If you phrase a question the right way, you can pretty much guarantee the way it's going to come out. Describe one part in a positive light, the other in a subtle negative light. When you do a preliminary poll you can find things that voters are bothered by or things they might like.

"One location being considered is located northeast of Interstate Drive and Neil Street. This location costs 5 and one-half million dollars for the land. It would be a large enough property to allow for the immediate construction of a comprehensive, 21st century school, with space for trade skill programming, band and athletic facilities, and with room to grow, as needed. This site is located on the perimeter of the city. One location being considered is located at Spalding Park, meaning it would be closer to the center of Champaign. If the high school was located here, it would be a multi-story, micro-urban campus. This location costs 25 million dollars for the land. It would require phasing in over time and the acquisition of homes to provide enough space. As you think about it today, which location would you prefer for the new Central High School, the Interstate Drive and Neil Street location, or the Spalding Park location?"
 

Micro--urban, just makes you think small doesn't it?

ROB McCOLLEY wrote on July 01, 2014 at 4:07 pm
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Push-polling for the site everyone hates. Way to go Unit 4.

 

I have some ideas:

 

Would you prefer the site that smells like raw sewage, or the one that smells like sea breezes?

 


Would you prefer the site where all the children grow up to be successful world leaders/olympic medalists, or the one that turns them into criminals and welfare recipients?

 

Choose one: the site that's popular with the cool crowd, or the nerdy site with the bad acne?

AreaMan wrote on July 01, 2014 at 9:07 am
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The traffic and distance of placing the high school at the far north end of town is a real concern for many. The studies that the school board is using are flawed, and will contribute to daily traffic gridlock if the high school is built there.

For instance, the traffic count of the high school was shown to not have a substantial impact, but they did not take into account future growth: what if we place a middle school north of town as well? There are not enough roads to accomodate the increasing levels of traffic to that part of town.

Secondly, the commute time analysis assumed that all traffic lights were green at all times. Of course traveling on north Prospect would be great if there were no red lights! Even in this utopian world with no red lights, average travel time is nearly doubled versus the current Central HS location.

I will not be supporting this growth at such an inconvenient location. You cannot place the burden and cost of this excessive infrastructure (extra travel time, additional roads, utilities, gasoline) on the taxpayers and parents, only to grow our community in an unsustainable fashion.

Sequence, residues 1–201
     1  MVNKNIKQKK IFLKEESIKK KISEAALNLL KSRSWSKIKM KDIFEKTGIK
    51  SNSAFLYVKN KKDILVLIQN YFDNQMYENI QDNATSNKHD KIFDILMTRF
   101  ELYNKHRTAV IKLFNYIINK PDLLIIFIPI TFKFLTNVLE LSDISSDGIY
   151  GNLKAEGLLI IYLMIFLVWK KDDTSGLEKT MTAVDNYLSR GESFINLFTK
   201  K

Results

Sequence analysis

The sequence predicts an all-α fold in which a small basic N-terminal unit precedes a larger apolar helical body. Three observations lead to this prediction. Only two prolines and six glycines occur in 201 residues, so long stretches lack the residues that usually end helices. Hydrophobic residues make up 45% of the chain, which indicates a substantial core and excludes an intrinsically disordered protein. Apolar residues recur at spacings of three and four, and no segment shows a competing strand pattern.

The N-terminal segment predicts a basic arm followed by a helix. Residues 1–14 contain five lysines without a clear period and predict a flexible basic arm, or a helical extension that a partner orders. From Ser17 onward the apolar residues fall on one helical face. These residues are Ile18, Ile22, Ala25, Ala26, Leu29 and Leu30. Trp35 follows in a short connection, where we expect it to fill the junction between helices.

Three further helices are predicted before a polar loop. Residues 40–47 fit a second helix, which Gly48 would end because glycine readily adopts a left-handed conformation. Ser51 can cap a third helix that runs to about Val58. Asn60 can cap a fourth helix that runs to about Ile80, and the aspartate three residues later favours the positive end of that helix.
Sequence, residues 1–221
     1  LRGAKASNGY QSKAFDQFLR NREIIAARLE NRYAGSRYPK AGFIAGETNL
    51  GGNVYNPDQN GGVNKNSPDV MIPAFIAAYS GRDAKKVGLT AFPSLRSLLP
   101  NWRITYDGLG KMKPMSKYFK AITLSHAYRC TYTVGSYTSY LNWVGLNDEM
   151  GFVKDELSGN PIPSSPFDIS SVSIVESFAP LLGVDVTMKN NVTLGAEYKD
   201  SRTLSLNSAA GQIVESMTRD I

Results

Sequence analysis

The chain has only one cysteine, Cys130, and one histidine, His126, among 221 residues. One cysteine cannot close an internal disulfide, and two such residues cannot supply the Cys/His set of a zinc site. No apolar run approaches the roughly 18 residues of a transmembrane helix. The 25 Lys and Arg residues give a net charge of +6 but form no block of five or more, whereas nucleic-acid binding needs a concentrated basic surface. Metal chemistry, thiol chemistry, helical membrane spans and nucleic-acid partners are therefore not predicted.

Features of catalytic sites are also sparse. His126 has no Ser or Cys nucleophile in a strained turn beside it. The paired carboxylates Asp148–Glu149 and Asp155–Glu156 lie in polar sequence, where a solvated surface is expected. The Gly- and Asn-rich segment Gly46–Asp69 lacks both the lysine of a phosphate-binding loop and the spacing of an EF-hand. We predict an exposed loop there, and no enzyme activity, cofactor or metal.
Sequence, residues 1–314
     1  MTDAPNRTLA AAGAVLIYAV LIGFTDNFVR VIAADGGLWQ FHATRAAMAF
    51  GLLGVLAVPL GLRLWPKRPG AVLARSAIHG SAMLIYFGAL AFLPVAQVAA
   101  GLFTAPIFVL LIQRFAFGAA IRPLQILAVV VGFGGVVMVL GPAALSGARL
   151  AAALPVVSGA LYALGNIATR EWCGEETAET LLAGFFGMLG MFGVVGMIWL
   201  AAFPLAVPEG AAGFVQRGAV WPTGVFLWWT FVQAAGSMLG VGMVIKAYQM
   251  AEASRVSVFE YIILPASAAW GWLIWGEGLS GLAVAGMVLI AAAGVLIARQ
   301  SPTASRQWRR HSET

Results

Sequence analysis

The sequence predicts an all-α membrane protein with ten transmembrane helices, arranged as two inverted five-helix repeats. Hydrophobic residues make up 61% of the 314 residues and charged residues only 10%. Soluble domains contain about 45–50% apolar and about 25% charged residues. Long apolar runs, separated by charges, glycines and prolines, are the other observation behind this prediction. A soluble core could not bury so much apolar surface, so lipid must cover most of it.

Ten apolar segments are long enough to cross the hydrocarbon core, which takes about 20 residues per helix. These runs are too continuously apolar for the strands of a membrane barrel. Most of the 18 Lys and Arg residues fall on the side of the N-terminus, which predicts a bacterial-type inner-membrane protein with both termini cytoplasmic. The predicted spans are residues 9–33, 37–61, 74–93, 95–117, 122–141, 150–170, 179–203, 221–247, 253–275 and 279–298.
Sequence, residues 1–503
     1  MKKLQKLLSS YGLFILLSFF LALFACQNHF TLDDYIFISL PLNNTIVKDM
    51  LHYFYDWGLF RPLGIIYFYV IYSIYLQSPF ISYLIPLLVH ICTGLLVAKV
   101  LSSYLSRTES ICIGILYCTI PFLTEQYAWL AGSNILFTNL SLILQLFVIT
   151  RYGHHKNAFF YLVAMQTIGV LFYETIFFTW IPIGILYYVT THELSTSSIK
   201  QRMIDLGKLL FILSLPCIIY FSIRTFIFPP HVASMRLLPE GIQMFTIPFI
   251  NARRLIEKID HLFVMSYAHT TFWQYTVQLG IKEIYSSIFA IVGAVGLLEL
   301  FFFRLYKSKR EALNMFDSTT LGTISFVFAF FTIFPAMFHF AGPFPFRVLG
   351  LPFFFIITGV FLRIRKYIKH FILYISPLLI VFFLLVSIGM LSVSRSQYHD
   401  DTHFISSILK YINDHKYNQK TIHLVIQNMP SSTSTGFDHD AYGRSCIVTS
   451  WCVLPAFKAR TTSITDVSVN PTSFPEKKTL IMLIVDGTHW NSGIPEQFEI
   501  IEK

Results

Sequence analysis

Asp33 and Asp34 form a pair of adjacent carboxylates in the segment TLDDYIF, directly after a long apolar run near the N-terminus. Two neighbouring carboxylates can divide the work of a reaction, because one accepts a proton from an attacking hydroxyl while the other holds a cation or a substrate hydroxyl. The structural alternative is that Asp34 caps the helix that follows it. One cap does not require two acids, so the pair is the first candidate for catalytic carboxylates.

pattsi wrote on July 01, 2014 at 11:07 am

One can listen to a conversational exchange with Dan McCollum about the HS siting, recent phone survey, and additional proposed studies this morning on WDWS.  http://www.wdws.com/multimedia/podcast/penny-your-thoughts.html

A major point emphasized is the minimum considerations being given to the externalities and cost thereof if and when a site chosen outside the hub of the community will cost additionally to each and every tax payer, not just the amount of the bonds.

 

rsp wrote on July 01, 2014 at 4:07 pm

The first "confusing" survey supported the Spaulding site, so they had another survey with "careful wording" and this one says the Interstate Dr location. There has never been any discussion of how much either site would cost to maintain over the other. When they got the sales tax pushed through they promised not to ask for more money before 2015. To show they had integrity, and to give us a chance to see they would live up to their promises. It's 2014. They are trying to force this on us even if it's not the best thing for our community.

RexKallembach wrote on July 02, 2014 at 3:07 pm

Fortunately, the only survey that will matter is the eventual vote.  Based on my conversations with many informed citizens - survey says "no".

Commonsenseman wrote on July 06, 2014 at 10:07 am

Ridiculous skewed non scientific polling data, how many of those favoring property tax increases actaully own homes? totally biased questions designed to favor the  rural option.  Amazing how the school district is so excited to spend money they didnt earn for "two soccer fields, a practice field, two baseball diamonds, two softball diamonds and eight tennis courts." add to this track and football facilities, how about a helipad, bowling alley, olympic pool and imax theatre too.  Heres a suggestion, start over build a more fiscally responsible school, refurbish the real Central and maybe see if you can buy property next to it to expand the building/campus, while you are at  it how about firing the multiple 6 figure salary administrators you have and has anyone noticed the top leaderrship positions are all female, where are the men?